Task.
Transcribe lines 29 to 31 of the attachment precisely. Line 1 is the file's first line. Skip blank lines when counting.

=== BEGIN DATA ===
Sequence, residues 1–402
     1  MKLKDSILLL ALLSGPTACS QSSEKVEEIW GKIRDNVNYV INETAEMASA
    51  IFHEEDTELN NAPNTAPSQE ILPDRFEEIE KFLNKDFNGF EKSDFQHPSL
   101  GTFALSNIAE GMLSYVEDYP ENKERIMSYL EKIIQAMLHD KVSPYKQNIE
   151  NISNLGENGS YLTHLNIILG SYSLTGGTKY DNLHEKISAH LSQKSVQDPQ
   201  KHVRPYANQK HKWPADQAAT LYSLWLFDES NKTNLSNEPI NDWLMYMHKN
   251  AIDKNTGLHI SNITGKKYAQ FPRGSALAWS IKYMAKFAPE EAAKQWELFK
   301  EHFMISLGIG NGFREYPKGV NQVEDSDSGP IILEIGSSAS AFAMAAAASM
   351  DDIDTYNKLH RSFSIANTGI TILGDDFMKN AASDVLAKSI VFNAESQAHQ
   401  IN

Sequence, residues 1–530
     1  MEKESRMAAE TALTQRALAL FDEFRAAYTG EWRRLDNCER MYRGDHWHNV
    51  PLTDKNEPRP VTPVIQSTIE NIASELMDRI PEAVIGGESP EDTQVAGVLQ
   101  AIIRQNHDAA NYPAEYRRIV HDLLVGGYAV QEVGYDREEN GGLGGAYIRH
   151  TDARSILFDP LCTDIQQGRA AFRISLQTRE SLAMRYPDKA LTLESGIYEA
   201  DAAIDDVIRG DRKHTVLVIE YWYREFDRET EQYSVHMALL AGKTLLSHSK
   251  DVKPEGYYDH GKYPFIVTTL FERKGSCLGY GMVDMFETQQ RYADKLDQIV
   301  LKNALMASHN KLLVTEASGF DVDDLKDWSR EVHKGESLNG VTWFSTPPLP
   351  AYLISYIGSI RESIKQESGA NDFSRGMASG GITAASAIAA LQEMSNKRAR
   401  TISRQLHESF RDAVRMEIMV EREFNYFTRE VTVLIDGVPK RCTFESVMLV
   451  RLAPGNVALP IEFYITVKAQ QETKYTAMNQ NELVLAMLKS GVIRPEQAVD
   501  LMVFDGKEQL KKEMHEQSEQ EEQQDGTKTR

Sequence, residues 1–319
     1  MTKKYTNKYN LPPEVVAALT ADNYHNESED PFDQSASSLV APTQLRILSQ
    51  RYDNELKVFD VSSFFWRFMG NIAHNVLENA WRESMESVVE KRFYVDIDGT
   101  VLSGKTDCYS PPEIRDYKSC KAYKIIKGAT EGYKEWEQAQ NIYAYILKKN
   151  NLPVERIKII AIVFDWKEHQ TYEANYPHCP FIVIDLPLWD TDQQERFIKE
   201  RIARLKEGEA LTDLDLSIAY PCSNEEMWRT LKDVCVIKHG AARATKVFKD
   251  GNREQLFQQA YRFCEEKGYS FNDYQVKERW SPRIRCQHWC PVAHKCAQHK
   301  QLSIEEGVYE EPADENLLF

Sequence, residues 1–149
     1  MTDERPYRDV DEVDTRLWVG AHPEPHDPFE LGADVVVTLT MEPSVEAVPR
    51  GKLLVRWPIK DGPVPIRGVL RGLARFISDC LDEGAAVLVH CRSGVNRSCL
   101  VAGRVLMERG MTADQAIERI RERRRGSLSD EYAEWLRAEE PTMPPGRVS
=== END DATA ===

   251  GNREQLFQQA YRFCEEKGYS FNDYQVKERW SPRIRCQHWC PVAHKCAQHK
   301  QLSIEEGVYE EPADENLLF

Sequence, residues 1–149